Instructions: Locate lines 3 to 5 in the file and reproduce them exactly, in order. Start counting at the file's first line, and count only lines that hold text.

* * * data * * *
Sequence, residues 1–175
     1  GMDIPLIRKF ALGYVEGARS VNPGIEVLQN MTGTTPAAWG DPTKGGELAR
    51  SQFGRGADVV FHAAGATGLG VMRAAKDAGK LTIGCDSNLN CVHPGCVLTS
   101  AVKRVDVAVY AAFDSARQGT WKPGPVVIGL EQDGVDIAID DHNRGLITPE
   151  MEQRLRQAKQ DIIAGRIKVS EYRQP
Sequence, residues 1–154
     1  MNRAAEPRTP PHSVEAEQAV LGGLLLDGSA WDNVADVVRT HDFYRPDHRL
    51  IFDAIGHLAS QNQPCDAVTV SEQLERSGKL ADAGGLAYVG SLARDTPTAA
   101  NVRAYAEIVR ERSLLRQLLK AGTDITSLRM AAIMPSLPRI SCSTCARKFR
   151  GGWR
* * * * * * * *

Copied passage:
    51  SQFGRGADVV FHAAGATGLG VMRAAKDAGK LTIGCDSNLN CVHPGCVLTS
   101  AVKRVDVAVY AAFDSARQGT WKPGPVVIGL EQDGVDIAID DHNRGLITPE
   151  MEQRLRQAKQ DIIAGRIKVS EYRQP